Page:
The question of how bees use their wings to fly has baffled experts for decades, but now bio-robotics researchers at Marseille University in France have created an aerial robot which uses sight to navigate autonomously, just like bees.
Most modern aircraft use an accelerometer for flight stabilization. Living creatures that fly, on the other hand, rely on their own innate sense of balance determined by environmental observation and inbuilt organ-based systems. Using research into bees, scientists have created BeeRotor, a rotorcraft which stabilizes itself visually, without an accelerometer.
Stephane Viollet, is a CNRS researcher at the Institute of Movement Science and Head of the Biorobotics Team and Drones at the Institute Carnot of Marseille: “The idea is to do a lot with few resources, that’s the lesson insects teach us, that you can have completely autonomous behaviour in an unknown environment, without mapping, without GPS, and still manage with few resources.”
The BeeRotor can adjust its speed and avoid obstacles without having to measure gravity, speed or altitude. It replies on visual clues to move around. BeeRotor has been tested flying along a moving platform: even with the absence of an airspeed sensor, the rotorcraft showed it was able to adjust its pitch, its speed, navigate autonomously and land safely.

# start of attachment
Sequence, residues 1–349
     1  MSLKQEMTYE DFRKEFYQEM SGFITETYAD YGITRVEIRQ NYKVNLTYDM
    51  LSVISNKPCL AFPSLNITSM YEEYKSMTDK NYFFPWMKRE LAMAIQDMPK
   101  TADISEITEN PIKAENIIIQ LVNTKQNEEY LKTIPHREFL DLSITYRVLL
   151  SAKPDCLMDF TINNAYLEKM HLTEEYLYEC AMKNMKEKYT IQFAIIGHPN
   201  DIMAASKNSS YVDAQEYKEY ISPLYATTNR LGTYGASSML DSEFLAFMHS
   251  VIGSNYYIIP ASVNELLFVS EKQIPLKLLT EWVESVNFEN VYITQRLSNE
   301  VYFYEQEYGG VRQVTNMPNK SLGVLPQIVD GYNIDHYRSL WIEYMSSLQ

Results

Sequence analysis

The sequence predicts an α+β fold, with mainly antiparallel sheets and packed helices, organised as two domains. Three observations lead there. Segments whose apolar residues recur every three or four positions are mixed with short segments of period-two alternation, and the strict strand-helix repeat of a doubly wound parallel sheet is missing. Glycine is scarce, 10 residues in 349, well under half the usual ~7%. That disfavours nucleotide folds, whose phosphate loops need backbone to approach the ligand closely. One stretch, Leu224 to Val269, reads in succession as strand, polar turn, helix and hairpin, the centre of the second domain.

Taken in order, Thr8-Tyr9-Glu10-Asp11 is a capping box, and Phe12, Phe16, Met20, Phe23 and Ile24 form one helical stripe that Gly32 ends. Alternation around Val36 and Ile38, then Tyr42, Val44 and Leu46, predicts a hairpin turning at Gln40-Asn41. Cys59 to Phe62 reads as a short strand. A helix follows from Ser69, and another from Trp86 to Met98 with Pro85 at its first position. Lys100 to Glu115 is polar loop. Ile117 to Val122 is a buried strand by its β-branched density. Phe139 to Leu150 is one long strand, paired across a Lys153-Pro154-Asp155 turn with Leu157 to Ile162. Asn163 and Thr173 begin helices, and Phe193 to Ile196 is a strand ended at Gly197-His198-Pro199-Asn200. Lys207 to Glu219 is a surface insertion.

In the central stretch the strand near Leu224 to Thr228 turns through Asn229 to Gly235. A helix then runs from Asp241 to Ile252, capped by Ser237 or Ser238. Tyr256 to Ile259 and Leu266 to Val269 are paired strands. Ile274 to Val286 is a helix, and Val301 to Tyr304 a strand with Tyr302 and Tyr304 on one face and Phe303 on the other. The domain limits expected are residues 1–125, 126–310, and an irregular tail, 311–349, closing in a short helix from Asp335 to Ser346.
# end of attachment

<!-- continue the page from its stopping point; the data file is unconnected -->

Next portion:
Franck Ruffier, CNRS research scientist and co-Head of the Biorobotics Research Group at the Institute of Movement Science: “The robot – thanks to its intelligence and its perception of the ground below it, avoids this very tall obstacle.”
But before the BeeRotor can undertake autonomous outdoor flight, scientists will have to adapt its structure to allow for greater stabilization.
The Bee Rotor